Sample characteristics

Of the 61 participants enrolled, 49 (80%) completed the 6-month protocol and 42 (69%) completed the full 12-month protocol (which included the cross-over). A consort diagram of participant flow is provided in Fig. 1. Baseline characteristics of participants overall and stratified by diet order are presented in Table 1. Briefly, participants on average were 42 years of age, 64% female, 87% White, and weighed 97 kg. Baseline characteristics of participants stratified by insulin resistance (IR) and insulin sensitivity (IS) are presented elsewhere26.

Figure 1
figure 1

Consort diagram of participant flow. As prespecified in the statistical analysis plan, the primary analysis includes all available data.

Table 1 Baseline participant characteristics.

Dietary adherence

Participants in both diet arms made and sustained substantial dietary changes as assessed at 3, 6, 9, and 12 months, relative to baseline (Fig. 2). Participants changed the macronutrient composition of their diet at 6 months as they switched from a LF to LC diet (and vice versa). Data suggest that participants similarly adhered to dietary recommendations for both diets regardless of diet order. Irrespective of diet assignment, reported caloric intake was decreased from baseline levels at 3, 6, 9, and 12 months. Also notable was the protein intake was > 25% of total energy in both groups when consuming a LC diet.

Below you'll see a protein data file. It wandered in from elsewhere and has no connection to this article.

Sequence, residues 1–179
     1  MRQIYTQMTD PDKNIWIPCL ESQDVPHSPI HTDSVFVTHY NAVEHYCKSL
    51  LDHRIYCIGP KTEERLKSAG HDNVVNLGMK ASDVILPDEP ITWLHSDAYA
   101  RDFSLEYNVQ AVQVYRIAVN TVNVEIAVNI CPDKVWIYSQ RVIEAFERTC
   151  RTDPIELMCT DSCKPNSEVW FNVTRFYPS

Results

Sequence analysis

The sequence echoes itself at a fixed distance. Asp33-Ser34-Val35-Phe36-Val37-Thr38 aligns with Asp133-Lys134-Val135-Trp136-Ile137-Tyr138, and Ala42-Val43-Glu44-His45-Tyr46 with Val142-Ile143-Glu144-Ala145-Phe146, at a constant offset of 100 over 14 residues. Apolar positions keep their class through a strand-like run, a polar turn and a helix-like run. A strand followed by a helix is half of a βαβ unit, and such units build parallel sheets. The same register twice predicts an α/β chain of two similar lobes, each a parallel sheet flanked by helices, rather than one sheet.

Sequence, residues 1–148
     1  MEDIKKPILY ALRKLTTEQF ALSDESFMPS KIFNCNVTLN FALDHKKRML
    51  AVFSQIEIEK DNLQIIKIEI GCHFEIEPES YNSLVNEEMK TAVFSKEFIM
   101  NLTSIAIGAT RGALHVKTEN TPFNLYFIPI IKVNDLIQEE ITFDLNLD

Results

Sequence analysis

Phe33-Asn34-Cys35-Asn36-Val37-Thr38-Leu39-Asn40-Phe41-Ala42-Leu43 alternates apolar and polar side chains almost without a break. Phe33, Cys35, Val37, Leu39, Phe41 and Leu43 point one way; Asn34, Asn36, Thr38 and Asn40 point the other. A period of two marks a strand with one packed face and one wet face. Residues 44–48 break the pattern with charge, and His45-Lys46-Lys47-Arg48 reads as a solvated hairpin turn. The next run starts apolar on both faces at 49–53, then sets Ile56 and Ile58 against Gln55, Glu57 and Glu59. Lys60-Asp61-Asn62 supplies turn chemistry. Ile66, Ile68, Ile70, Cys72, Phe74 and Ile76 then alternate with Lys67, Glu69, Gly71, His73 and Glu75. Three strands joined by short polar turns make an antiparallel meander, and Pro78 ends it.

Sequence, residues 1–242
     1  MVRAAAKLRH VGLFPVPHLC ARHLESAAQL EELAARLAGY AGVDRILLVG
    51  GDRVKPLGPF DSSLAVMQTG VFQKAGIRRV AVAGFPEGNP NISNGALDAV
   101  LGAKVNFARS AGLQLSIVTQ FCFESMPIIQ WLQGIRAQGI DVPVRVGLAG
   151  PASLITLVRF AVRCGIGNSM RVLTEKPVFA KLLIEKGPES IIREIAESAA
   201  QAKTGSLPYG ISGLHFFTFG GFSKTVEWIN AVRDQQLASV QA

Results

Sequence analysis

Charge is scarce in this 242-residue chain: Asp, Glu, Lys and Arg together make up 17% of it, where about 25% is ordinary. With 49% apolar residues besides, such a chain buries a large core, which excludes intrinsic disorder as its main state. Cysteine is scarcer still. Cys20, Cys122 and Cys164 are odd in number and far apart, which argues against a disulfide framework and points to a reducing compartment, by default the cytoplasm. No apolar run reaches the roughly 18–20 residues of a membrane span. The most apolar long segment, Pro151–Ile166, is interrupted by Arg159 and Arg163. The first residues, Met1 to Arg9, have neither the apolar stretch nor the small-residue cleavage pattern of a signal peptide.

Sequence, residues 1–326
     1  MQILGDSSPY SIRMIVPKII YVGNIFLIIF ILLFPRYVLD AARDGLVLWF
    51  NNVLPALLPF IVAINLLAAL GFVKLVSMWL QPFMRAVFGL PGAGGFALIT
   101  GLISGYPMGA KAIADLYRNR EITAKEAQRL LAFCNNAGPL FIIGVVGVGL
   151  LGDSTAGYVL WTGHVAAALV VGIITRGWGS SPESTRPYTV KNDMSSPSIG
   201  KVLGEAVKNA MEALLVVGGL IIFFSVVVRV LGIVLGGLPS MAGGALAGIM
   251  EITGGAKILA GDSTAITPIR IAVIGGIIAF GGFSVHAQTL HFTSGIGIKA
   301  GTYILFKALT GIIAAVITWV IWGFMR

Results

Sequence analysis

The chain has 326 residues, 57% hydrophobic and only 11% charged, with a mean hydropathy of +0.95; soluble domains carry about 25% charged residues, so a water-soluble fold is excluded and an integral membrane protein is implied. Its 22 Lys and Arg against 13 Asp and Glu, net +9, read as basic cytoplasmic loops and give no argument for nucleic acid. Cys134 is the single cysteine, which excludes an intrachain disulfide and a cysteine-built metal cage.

Figure 2
figure 2

Dietary assessment arranged by group. Proportions of alcohol, protein, fat, and carbohydrates at baseline, 3-, 6-, 9-, and 12-months.

Change in weight

The average percent weight change (since previous visit) and 95% CI for each time point is presented in Fig. 3A; similarly, the absolute mean weight is presented in Fig. 3B. In both Fig. 3A,B, we observed, on average, that participant’s weight loss was rapid between baseline and 3 months, and then slowed between 3 and 6 months. On average, in the first 3-months participants percent weight change was − 7% (95% CI − 8%, − 6%), and between 3 and 6 months percent weight change slowed to − 2% (95% CI − 3%, − 1%) (Fig. 3A). Following the crossover, on average, participants displayed a − 1% (95% CI − 2%, − 0.4%) percent weight change between 6 and 9 months. Between 9 and 12 months the percent weight change was negligible, a modest increase of 0.6% (95% CI − 0.1%, 1.3%). One notable subgroup is that between 6 and 9 months, participants who switched from LF to LC maintained an average percent weight change of − 2% while participants who switched from LC to LF experienced a nearly 0% average percent weight change (Fig. 3C,D).

Figure 3
figure 3

Average change in weight. (A) Percent weight loss since last visit and (B) absolute weight (kg). Sample size at each timepoint: Baseline (n = 61), 3-months (n = 52), 6-months (n = 49), 9-months (n = 44), and 12-months (n = 42). LF Low-Fat, LC Low-Carbohydrate.